INTERVIEW: Mike Harris, CEO of AnySource Media, talks to hdtv.biz-news about his company’s Internet-enabled TV platform that will start appearing in HDTV sets in the second half of 2009.
Offering consumers dozens of "virtual channels" that can be viewed on their HDTVs alongside traditional TV networks – without requiring a separate box or complicated wiring – seems like a great idea.
As does the ability to easily navigate the Internet content using a standard remote, and the fact that all of this isn’t going to bump up the price of a new wide-screen set.
So where’s the catch?
Well, if you listen to Mike Harris, CEO of AnySource Media (ASM), there isn’t one.
His company provides a turnkey Internet-enabled TV platform, called the Internet Video Navigator (IVN), to silicon companies and HDTV manufacturers.
He told hdtv.biz-news that ASM is currently working with the makers of some high-volume, mass market HDTV brands to integrate the IVN client software directly into their sets.
While he couldn’t name names, the first ASM-equipped products will launch in the US in the second half of 2009 and will then be rolled out in Europe and Asia in 2010.
No-Cost Embedded Software
ASM’s embedded IVN software allows TV viewers to navigate Internet video, selecting sites and jumping to specific videos, or sit back and watch videos like a traditional broadcast experience.
|Mike Harris, CEO
Where ASM scores highly is that its software is simply layered on top of chip technology already in HDTV sets.
Harris said this gives it a big cost advantage – while providing manufacturers with a great opportunity to differentiate their sets in a competitive market.
Since the intention is to get the platform into the market in "high volume, very quickly", ASM is offering set manufacturers the software licence for free.
He said with no additional cost for the HDTV makers, the price of the television sets isn’t affected.
ASM’s full list of content providers is not yet available, however the company showed 80 different partner channels at this year’s Consumer Electronics Show.
Harris said the idea is to provide complementary content rather than trying to be an alternative to satellite or cable providers.
"What we are offering is a high quality experience at no additional cost, which is very easy to use with a standard remote and is very scaleable," he said.
"The TV continues to grow even as you own it."
Key to this is the idea that it is "TV on TV" not "Internet on TV". For this reason, ASM has focused on major features such as video quality and channel change speed – which Harris said is almost as quick as a TV experience.
"It’s about sitting back and relaxing, watching content on a big screen when you have more time to spend surfing for content and discovering new things," he said.
To make all this possible on low-cost embedded hardware much of the processing burden has been moved to the IVN Data Center.
The back-end data center aggregates and streams content from providers to the IVN user interface on the television.
Harris said the mix of channels and content depends on the set manufacturer – and on where the user lives.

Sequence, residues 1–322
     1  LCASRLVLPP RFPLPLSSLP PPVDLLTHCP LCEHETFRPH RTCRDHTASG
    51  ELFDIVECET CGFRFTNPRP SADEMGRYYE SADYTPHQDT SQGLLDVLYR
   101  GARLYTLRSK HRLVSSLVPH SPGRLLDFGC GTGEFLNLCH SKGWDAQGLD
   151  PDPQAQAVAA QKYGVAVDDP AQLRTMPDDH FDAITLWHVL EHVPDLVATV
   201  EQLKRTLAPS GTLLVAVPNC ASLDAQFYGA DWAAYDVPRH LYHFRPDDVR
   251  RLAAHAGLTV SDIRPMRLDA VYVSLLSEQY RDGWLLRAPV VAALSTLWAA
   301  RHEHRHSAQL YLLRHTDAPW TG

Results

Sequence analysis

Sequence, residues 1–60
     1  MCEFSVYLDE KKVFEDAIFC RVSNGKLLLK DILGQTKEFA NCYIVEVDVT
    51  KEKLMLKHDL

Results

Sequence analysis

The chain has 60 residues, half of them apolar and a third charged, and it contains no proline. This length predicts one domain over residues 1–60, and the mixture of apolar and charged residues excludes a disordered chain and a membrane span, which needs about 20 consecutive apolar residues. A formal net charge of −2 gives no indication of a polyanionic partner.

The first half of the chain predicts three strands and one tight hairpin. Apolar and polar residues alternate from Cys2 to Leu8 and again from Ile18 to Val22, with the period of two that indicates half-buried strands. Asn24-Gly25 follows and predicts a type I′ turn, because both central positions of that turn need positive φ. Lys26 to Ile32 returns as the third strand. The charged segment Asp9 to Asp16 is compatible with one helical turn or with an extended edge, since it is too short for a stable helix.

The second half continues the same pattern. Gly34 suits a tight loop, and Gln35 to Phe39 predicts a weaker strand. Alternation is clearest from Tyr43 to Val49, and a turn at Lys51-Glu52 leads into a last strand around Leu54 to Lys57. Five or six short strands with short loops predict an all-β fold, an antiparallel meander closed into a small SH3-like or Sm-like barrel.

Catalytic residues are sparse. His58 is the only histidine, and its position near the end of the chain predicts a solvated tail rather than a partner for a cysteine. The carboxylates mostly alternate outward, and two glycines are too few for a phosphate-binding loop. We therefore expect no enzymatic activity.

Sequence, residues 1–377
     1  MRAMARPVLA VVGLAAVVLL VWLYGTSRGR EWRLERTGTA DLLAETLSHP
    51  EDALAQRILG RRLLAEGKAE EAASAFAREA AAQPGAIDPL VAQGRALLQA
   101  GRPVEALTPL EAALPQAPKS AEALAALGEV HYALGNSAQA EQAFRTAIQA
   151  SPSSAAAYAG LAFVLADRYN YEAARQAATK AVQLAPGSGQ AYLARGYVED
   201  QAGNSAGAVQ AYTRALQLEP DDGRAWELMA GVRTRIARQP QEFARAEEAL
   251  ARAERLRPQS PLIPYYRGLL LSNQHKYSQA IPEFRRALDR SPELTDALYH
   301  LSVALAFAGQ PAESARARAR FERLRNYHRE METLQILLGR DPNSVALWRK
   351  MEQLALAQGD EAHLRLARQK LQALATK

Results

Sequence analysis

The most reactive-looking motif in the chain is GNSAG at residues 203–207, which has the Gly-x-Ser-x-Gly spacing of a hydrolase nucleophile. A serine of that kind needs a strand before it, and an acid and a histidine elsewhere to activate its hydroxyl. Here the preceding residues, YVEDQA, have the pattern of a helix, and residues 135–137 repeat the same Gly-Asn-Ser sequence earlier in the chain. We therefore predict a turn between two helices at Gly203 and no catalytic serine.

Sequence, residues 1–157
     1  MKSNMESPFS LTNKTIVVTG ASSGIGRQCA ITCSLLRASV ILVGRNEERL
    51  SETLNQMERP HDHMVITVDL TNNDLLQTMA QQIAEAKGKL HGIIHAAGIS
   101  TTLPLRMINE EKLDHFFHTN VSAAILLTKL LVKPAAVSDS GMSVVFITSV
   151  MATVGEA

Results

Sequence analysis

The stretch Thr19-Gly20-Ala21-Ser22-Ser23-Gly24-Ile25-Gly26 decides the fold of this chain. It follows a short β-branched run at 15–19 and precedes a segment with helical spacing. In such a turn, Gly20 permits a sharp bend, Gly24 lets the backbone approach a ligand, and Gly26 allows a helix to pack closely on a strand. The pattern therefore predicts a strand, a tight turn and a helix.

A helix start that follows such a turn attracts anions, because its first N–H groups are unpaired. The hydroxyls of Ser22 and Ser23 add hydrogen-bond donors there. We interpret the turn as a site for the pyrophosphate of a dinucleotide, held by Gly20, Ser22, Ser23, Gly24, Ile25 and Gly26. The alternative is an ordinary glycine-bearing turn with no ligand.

So when consumers buy an HDTV a certain list of channels will be available immediately.
"That list can be modified by the consumer, so if they like sports channels they can put them at the top of the list – or they can remove channels altogether," he said.
"New channels can appear all the time, without any change to the device being required.
"We have taken a very scaleable approach."
Harris said the result was that a particular HDTV, in a particular region would have its own unique look and feel.
How that was arranged was all taken care of in the backend.
"An HDTV in Germany will have a different list of channels to one, say, in the US," he said.
As well as issues such as language and cultural preferences, the fact some content sites are geo-targeted will also influence channel listings.
For ASM to make its money the IVN platform includes a targeted advertising and user management system, managed at the IVN Data Center.
Harris said that AnySource’s method of monetizing content depended on the given market.
"We have approached advertising in a way that makes it work for the content providers," he said.
"The service is free for consumers."
So AnySource doesn’t interfere with content providers’ existing business models, which means if they are ad-supported they keep all the revenues.
"What we have, through our user interface, is additional ad inventory," said Harris. "There are spaces for ads during the browsing period. That’s where we generate our ad revenue."
In addition, AnySource also receives commission for any paid content transmissions.
HDTV And Beyond
In March, ASM announced it had secured USD $3.2 million in additional funding.
As well as being used to bring the platform to commercialization and increase the number of content providers, it will fund the development of new technologies that will provide long-term flexibility for viewing online video on HDTVs.
While ASM is concentrating on HDTVs at present, Harris said the platform had been built for a wide range of devices.
He said they had had discussions with Blu-ray, MID and mobile makers about future possible applications for the software.
"What we have built on the cloud doesn’t know whether it’s dealing with a TV or whatever," he said.
"It just looks at the devices capability and the back-end makes available whatever it needs."
There’s no doubt that content quality will be a key determing factor in the race to bring the Internet to the TV.
But it also has to be content that is easy to access. ASM would appear to have that issue firmly in hand.